Over the summer, I was counting down the days to when archives in Kiev would reopen on Sept. 1. My researcher didn’t find information on people I know from my family tree. He has provided me with names, addresses and phone numbers of two people who could be children of my great-grandfather’s brothers.
I am going to take two more stabs at trying to find my Trunov family in Kiev. This family line is such a struggle because so many records were destroyed during WWII, no one knows a family church in Kiev and so little is known about my great-grandfather’s siblings.
Not surprisingly, my great-grandfather’s name translates into quiet. He adored his sister, Anna, so a lot is known only about her family. When he decided to write a letter to his son and daughter about his family before he died, I don’t imagine he was thinking a great-granddaughter would be reading the letter to find his siblings’ families.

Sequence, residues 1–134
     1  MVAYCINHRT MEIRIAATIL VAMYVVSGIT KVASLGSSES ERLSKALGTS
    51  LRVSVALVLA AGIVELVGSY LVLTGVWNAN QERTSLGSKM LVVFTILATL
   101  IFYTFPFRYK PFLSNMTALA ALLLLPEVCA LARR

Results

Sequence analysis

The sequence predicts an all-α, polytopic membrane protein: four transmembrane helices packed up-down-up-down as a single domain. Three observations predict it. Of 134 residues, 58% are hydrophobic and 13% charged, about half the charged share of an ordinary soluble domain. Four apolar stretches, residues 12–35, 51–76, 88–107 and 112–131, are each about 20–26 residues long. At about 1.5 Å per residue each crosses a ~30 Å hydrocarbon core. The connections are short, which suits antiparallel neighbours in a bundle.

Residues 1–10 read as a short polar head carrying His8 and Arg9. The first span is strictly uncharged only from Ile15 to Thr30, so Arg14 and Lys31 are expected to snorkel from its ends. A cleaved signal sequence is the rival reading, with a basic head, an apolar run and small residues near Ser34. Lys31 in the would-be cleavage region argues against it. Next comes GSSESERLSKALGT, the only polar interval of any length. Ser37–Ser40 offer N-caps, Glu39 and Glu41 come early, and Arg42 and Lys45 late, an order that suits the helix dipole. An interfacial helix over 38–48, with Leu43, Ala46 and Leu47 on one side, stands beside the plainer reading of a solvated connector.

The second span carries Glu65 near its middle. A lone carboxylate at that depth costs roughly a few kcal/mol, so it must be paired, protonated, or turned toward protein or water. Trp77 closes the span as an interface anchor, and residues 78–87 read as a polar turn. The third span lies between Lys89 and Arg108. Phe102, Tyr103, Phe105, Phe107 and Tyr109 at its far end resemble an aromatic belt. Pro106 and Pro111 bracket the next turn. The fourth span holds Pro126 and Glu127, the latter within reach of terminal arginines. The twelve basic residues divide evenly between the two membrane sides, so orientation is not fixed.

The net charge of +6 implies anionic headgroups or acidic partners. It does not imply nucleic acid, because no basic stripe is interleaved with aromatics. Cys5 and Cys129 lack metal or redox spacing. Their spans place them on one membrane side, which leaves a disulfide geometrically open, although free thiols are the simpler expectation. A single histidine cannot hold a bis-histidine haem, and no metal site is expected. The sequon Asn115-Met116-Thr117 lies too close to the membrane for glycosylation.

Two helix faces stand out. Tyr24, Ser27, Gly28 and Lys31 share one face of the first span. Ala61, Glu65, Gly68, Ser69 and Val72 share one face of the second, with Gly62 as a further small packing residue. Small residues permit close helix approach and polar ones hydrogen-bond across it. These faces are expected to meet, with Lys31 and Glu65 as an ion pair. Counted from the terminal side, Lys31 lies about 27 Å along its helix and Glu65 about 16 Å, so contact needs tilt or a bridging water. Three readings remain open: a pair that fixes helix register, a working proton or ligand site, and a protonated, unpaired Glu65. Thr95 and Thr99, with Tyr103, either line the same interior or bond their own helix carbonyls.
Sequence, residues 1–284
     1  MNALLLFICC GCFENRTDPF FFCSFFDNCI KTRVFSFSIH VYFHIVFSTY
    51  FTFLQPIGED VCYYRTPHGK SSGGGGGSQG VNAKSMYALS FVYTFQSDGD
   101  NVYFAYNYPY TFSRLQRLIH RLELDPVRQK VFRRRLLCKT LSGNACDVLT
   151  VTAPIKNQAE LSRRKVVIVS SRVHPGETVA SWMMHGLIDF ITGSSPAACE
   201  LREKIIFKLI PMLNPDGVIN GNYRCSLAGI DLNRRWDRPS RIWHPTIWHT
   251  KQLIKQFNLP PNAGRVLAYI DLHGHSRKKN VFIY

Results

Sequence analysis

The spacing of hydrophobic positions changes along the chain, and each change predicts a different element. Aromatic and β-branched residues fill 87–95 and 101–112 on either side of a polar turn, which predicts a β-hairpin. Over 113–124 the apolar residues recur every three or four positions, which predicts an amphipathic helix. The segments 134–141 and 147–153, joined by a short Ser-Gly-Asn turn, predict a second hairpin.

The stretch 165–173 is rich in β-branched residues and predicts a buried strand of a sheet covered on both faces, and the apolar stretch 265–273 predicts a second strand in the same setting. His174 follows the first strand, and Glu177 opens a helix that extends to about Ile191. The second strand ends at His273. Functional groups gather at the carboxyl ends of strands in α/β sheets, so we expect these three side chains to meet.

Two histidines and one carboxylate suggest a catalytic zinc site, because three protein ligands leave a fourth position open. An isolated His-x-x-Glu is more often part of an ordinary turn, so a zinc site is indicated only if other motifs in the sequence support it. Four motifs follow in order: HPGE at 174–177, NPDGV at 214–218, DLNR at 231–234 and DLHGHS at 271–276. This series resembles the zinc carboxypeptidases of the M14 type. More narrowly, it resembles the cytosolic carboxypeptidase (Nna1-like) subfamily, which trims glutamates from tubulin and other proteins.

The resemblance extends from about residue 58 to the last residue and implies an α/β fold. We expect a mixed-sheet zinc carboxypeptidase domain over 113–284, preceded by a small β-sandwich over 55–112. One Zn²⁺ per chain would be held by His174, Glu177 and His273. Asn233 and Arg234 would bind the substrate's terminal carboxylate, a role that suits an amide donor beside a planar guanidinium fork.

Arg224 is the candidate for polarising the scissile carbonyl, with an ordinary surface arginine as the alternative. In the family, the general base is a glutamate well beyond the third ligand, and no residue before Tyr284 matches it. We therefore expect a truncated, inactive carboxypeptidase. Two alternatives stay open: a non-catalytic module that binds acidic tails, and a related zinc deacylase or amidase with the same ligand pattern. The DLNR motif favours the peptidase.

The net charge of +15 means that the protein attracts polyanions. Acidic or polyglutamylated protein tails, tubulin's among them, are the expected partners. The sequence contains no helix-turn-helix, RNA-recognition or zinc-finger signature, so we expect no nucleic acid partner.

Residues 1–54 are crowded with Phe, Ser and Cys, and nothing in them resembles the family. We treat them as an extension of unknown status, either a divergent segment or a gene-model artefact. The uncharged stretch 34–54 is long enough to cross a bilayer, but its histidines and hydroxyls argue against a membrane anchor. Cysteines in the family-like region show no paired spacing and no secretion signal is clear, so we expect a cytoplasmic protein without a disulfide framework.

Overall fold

So I will write again those “Dear random person with same family name, Are you related to me?” letters. The timing couldn’t be the worst. The fighting between Ukraine and Russia doesn’t probably help my situation.
But I am not waiting to write these letters. I would be mad at myself if the person in Kiev who knows the family information dies and some younger relative tells me that he/she doesn’t know anything.
I am determined to find my maternal grandmother’s cousins, who lived in two cities destroyed during WWII. There is a great story to tell about their lives and I hope sometime soon I’ll be able to tell it.